NPF_NCODE(9) NetBSD Kernel Developer's Manual NPF_NCODE(9)
npf_ncode -- NPF n-code processor
#include <net/npf_ncode.h> int npf_ncode_process(npf_cache_t *npc, const void *ncode, nbuf_t *nbuf, int layer); int npf_ncode_validate(const void *ncode, size_t sz, int *errat);
The NPF n-code processor is a general purpose engine to inspect network packets, which are abstracted as chained buffers.
npf_ncode_process() performs n-code processing using data of the speci- fied packet. ncode is the address to a validated n-code memory block. N-code memory addresses should be 32-bit word aligned. nbuf is an opaque network buffer on which the n-code processor will operate. layer speci- fies at which network layer the buffer is passed, it can be either NPF_LAYER_L2 or NPF_LAYER_L3. This value is initially set in the R0 reg- ister and can be checked by the n-code. The contents of other registers are unspecified. npf_ncode_process() returns a value from the n-code. npf_ncode_validate() performs n-code validation. ncode is the address to an n-code memory block. sz is the size of the memory block. errat is the word number in the n-code where the error is detected. If no error is found, this value is undefined. On successful validation, the npf_ncode_validate() function returns 0. Otherwise, it may return one of the following error codes: [NPF_ERR_OPCODE] Invalid instruction (unknown opcode). [NPF_ERR_JUMP] Invalid jump, e.g. not to the instruction or out of range. [NPF_ERR_REG] Invalid register, i.e. incorrect index number. [NPF_ERR_INVAL] Invalid argument value. [NPF_ERR_RANGE] Processing out of range, e.g. missing return path. Any untrusted n-code, for example generated by userspace, should be vali- dated (once) before allowing to process it.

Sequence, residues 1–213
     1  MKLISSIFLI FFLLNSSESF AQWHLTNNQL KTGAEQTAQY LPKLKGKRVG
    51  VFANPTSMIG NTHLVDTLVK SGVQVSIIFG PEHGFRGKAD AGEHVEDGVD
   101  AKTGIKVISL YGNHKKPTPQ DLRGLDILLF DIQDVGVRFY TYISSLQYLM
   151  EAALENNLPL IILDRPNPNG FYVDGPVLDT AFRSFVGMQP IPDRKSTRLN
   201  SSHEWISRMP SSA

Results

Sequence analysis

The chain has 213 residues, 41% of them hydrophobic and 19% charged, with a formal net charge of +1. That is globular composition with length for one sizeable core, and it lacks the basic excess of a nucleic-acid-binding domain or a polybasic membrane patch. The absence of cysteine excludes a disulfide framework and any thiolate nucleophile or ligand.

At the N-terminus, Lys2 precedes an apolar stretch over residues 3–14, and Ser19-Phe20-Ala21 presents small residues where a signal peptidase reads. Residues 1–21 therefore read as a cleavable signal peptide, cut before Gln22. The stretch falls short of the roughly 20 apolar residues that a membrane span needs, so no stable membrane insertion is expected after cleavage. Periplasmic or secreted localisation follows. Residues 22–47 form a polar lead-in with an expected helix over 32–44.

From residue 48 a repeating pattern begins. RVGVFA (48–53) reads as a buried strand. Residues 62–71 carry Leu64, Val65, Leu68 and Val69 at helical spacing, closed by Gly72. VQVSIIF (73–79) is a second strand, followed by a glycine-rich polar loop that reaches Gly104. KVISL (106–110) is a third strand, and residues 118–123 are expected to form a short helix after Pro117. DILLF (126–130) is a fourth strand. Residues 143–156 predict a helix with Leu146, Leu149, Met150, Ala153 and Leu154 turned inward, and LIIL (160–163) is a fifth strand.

There are two instruction sets: RISC-like and CISC-like. Processing is done in words, therefore both instructions (their codes) and arguments are always 32-bit long words. There are four general purpose registers: R0, R1, R2, R3. Each can store 32-bit long words. Registers are mainly to store values for operations using RISC-like instructions. CISC-like instructions, however, use them to store return values. Processing begins from the first word until it reaches an NPF_OPCODE_RET instruction with a return value. The instruction pointer can be changed using jump operations, which always take relative addresses, in words. The result of last comparison is tracked internally and jump operations should be performed immediately after comparison or certain CISC-like instructions. CISC-like instructions and NPF_OPCODE_LOAD can be used to load data from network buffers. They operate at the current network buffer offset, which is initially at the beginning of the network buffer. The NPF_OPCODE_ADVR instruction can be used to advance the current network buffer offset.
Various packet data is cached during execution of CISC-like instructions and further instruction calls may retrieve information from the cache. If n-code changes the packet data, information in the cache might no longer reflect the changes. In such case, it is n-code's responsibility to invalidate the cache (if necessary) by executing the NPF_OPCODE_INVL instruction.